40 years of Apple is a timeline for innovation and personal computing
History of the IT giant often affords too much significance to Jobs - and plays down the multiple missteps along the way
The story of Apple and Steve Jobs functions as a convenient narrative shorthand for the wider understanding of the history of modern technology. That narrative is an important one, of course, but it is misleading in many crucial ways.
Apple has turned 40. There’s something incongruous about the landmark, as if technology companies are not, really, supposed to reach middle age. That the company reached the milestone at all is something of a miracle given it was stuck in a state of perpetual crisis in its teenage years. That it reached 40 as the biggest and most influential technological company in the world rather than a scrappy underdog is astonishing.
In the popular imagination, those four decades represent the history of personal computing - the narrative arc from Steve Jobs and Steve Wozniak toiling on a home-made computer in a garage to the huge corporate behemoth that makes the glass and metal computers in our pockets encompasses the evolutionary timeline of popular computing, a sort of technological equivalent of the rise of Homo Sapiens from primitive ape to modern human.
There have been significant flops along the way, of course, but Apple’s highlights reel can effectively stand in for the history of personal computing in a way that no other company’s can: the breakthrough Apple II brought desktop computing mainstream; the Macintosh introduced a smiling face and graphical user interface; the iMac brought vibrant style to the previously dull world of PCs; the iPod put all our music in our pockets; the iPhone revolutionised mobile computing.
History of modern tech
The story of Apple and Steve Jobs, then, functions as a convenient narrative shorthand for the wider understanding of the history of modern technology. That narrative is an important one, of course, but it is misleading in many crucial ways. Most obviously, it affords far too much significance to Steve Jobs and Apple, and ignores the early Altair, downgrades Intel’s critical achievements, airbrushes the importance of Xerox, elides IBM, reduces Microsoft to the role of rival, and so on.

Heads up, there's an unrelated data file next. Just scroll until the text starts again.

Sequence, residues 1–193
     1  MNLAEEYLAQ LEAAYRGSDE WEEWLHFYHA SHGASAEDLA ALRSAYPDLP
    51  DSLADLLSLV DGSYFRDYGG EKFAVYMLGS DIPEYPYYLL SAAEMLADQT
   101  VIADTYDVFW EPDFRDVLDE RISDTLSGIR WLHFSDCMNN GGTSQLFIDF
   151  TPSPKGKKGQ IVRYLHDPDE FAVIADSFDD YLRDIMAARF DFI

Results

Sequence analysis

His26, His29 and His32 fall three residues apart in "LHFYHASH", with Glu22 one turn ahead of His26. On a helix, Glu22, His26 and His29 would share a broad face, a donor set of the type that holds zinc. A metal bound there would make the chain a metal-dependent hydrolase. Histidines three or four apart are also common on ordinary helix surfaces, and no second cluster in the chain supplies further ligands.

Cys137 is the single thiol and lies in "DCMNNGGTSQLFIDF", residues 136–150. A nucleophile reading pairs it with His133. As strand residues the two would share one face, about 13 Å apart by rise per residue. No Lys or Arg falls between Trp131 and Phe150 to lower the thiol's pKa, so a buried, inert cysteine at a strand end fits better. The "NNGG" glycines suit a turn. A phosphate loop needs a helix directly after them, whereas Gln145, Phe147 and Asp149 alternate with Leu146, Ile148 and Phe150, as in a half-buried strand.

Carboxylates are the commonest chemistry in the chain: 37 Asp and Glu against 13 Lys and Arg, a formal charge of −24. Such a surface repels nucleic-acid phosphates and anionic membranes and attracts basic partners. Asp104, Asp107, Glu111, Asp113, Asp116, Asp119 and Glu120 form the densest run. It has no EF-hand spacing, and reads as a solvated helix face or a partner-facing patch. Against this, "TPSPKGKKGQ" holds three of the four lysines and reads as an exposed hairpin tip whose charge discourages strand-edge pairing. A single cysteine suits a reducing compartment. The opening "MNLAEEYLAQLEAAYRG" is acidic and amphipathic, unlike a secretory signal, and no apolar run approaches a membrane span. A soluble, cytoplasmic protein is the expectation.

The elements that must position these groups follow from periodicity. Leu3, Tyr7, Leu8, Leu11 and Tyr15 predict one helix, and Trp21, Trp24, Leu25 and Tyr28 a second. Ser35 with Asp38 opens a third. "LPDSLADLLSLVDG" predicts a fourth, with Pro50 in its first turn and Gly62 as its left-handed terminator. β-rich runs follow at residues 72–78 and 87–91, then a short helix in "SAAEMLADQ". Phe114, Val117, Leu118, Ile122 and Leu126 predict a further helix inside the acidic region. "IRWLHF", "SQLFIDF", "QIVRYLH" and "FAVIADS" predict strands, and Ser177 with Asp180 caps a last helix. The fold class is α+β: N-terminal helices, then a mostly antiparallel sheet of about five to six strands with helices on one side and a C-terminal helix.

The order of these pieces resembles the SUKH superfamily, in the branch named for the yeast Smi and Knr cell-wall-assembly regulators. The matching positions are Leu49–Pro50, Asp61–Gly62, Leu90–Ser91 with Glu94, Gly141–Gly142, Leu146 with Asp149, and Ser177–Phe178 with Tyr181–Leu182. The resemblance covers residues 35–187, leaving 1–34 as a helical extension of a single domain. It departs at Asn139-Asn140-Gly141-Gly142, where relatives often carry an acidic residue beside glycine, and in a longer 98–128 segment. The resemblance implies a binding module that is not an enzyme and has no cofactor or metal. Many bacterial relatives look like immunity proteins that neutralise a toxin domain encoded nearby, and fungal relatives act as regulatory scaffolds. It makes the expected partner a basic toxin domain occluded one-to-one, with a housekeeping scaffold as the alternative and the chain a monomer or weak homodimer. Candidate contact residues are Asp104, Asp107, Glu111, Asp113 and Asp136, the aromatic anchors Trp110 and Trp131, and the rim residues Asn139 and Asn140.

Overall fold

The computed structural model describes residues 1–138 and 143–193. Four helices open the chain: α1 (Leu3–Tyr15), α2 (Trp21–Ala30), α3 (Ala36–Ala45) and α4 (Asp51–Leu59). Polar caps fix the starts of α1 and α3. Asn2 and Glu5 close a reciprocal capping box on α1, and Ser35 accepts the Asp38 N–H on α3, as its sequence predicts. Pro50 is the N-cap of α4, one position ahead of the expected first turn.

But more subtly, it reduces the story of modern computing to a handful of Steve Jobs eureka moments, which fundamentally miscasts the nature of technological innovation. Rather than a series of sudden great leaps forward, technological progress is instead a process of constant iteration, with some breakthroughs and speed bumps along the way.
The British technology writer Charles Arthur recently came up with a useful metaphor to appreciate the process. “Remember the last time you took a bath or shower and it started lukewarm but you gradually warmed it by adding more hot water, until it reached a temperature so hot you could never have got into it at the start? Isn’t it strange how we can be immune to subtle, slow changes all around us?” he wrote. “Then there’s the other extreme - the ice bucket experience, where you’re abruptly plunged into something so dramatically different you can’t think of anything else.”
The metaphor isn’t perfect - that’s not how lots of people take a bath, for one thing - but it is a rather persuasive way of highlighting how we perceive progress. We clearly remember the ice bucket moments - the Macintosh reveal, the arrival of the iPhone - while barely perceiving the increasing temperature in the bath - faster processors, more sophisticated graphics, cheaper and more ingenious sensors, all combining to power an array of life-changing devices.
Bill Gates famously pointed out that “Most people overestimate what they can do in one year and underestimate what they can do in 10 years”. That insight can also be applied to what we expect of technology - we overestimate what can be achieved in the next 12 months, and yet rarely express amazement at what has been achieved in the past decade.
For instance, by the time artificial intelligence and self-driving cars have matured into mainstream technologies, they are likely to feel like a warm bath, astonishing achievements that seem a little underwhelming given their long gestation.
Rarely first to market
The metaphor also illuminates why Apple is widely perceived as the greatest of innovators. Cynics often point out how Apple is rarely first to any market, and more often than not isn’t even using entirely new technologies. While rival companies would be adding more and more hot water to the bath, Steve Jobs would judge his moment until the underlying technology matured and then produce a polished and well-executed device that seemed like a sudden breakthrough.
Jobs and by extension Apple blithely ignored the maxim that the customer is always right, in favour of an attitude that they know best, and the customer can take it or leave it. That highly opinionated stance is divisive, to say the least, and antagonises many people with its implicit arrogance. But the approach leads to occasional ice bucket moments.
It will be interesting to see whether the Apple Watch will eventually be included in that category - what 10 years ago would have appeared a magical, wondrous thing right now seems undercooked. Maybe the watch will be remembered as a latter-day Newton, Apple’s mid-90s PDA that was at least a decade ahead of its ambitions; maybe it will be seen as a turning point in wearable computing.
Forty years in, perhaps Apple’s greatest trick is making the warm bath feel like the ice bucket every once in a while. It’s not actually how technological progress happens, but they sure make it seem that way.